Digital Library of the Week
The Digital Scriptorium is a growing image database of medieval and Renaissance manuscripts that unites scattered resources from many institutions into an international tool for teaching and scholarly research. With technical support provided by the University of California, Berkeley library, DS allows scholars to verify cataloging information about places and dates of origin, scripts, artists, and quality. Special emphasis is placed on the touchstone materials: manuscripts signed and dated by their scribes. DS records manuscripts that traditionally would have been unlikely candidates for reproduction. It fosters public viewing of materials otherwise available only within libraries.
Do you know of a digital library collection that we can mention in this AL Direct feature? Tell us about it. Browse previous Digital Libraries of the Week at the I Love Libraries site, Check out our Featured Digital Libraries Pinterest board.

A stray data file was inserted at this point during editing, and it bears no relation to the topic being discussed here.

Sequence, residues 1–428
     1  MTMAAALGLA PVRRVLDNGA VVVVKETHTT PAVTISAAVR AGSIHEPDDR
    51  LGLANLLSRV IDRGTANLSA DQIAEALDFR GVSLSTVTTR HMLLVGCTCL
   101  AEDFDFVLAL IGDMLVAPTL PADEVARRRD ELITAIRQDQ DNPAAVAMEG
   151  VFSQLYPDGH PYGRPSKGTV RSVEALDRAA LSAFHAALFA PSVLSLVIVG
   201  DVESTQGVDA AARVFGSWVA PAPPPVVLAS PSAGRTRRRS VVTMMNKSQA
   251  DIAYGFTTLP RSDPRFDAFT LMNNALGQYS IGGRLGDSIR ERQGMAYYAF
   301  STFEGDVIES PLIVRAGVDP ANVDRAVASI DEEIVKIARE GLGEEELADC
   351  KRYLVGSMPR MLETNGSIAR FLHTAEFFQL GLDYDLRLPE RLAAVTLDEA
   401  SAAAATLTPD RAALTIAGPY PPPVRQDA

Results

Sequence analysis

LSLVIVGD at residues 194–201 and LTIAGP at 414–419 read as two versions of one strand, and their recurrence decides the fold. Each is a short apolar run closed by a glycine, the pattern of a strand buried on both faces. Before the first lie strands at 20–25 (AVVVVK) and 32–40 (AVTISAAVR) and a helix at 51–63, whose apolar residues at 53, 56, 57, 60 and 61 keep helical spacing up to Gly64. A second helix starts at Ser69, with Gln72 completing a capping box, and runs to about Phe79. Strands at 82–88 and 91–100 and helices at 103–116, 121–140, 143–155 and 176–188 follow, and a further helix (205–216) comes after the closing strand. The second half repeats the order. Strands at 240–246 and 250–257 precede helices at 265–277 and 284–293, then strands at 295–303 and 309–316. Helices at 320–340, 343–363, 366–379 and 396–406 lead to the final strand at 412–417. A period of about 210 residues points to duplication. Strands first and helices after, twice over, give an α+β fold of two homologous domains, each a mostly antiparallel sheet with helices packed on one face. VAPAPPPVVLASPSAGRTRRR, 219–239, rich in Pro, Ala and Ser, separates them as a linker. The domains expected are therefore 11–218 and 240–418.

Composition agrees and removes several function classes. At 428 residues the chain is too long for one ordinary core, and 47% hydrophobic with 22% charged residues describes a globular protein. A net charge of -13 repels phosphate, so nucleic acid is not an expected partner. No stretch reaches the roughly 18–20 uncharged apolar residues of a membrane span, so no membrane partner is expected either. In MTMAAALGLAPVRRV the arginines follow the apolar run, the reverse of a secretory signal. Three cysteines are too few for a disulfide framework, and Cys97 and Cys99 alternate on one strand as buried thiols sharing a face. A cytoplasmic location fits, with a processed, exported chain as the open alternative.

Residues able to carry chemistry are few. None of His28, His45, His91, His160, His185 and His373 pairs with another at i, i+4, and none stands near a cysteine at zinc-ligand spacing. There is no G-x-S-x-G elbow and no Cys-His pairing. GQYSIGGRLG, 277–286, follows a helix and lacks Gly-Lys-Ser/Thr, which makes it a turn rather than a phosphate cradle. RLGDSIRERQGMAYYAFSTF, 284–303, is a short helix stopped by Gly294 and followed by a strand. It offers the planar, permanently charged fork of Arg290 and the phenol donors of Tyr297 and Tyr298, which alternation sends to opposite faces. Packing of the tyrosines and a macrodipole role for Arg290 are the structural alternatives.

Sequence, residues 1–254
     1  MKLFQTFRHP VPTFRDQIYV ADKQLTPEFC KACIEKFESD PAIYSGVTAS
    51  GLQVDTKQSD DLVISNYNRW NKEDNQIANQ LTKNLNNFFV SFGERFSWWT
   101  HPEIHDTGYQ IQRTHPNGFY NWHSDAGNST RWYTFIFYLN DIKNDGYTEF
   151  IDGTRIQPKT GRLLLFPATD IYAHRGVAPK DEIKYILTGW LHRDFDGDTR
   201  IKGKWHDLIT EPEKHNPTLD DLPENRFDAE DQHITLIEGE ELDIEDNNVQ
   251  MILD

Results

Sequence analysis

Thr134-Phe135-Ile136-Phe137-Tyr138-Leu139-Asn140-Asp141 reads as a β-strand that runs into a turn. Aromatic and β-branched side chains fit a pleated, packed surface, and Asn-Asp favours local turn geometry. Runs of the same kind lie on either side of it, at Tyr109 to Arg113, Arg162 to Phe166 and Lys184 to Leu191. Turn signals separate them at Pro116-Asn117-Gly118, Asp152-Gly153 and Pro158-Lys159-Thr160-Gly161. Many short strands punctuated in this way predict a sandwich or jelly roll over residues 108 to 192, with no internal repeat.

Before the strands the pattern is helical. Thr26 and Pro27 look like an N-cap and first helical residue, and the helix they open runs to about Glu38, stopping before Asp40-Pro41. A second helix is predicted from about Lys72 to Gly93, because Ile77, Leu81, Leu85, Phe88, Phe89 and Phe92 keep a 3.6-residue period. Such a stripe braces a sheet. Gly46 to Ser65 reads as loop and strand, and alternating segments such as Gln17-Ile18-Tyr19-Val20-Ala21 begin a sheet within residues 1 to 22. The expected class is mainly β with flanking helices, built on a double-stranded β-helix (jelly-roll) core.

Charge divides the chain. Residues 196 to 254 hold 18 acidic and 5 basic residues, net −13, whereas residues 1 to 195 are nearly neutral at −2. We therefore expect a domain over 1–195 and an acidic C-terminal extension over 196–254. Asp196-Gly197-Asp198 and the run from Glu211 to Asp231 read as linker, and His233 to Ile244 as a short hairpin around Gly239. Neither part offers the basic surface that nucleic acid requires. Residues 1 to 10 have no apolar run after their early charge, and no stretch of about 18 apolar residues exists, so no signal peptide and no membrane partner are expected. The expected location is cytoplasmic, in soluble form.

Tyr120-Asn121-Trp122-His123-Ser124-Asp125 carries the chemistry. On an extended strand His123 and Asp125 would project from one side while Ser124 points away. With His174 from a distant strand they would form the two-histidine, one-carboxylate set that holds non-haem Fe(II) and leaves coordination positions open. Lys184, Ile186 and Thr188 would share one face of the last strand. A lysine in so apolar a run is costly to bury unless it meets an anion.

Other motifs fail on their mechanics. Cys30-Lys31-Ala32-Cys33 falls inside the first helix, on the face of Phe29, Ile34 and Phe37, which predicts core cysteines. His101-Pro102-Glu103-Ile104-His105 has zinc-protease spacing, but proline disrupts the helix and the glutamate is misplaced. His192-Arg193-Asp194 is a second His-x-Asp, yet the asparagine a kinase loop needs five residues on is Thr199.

Noted and Quoted
“Here, then, is the point at which I see the new mission of the librarian rise up incomparably higher than all those preceding. Up until the present, the librarian has been principally occupied with the book as a thing, as a material object. From now on he must give his attention to the book as a living function. He must become a policeman, master of the raging book. ”
—Philosopher José Ortega y Gasset. from a translation of his address to the International Congress of Bibliographers and Librarians, Paris, 1934.
Librarians’ Information Literacy Annual Conference, University of Manchester Library, UK.
Urban Librarians Conference, Dr. S. Stevan Dweck Center for Contemporary Culture, Central Library, Brooklyn (N.Y.) Public Library.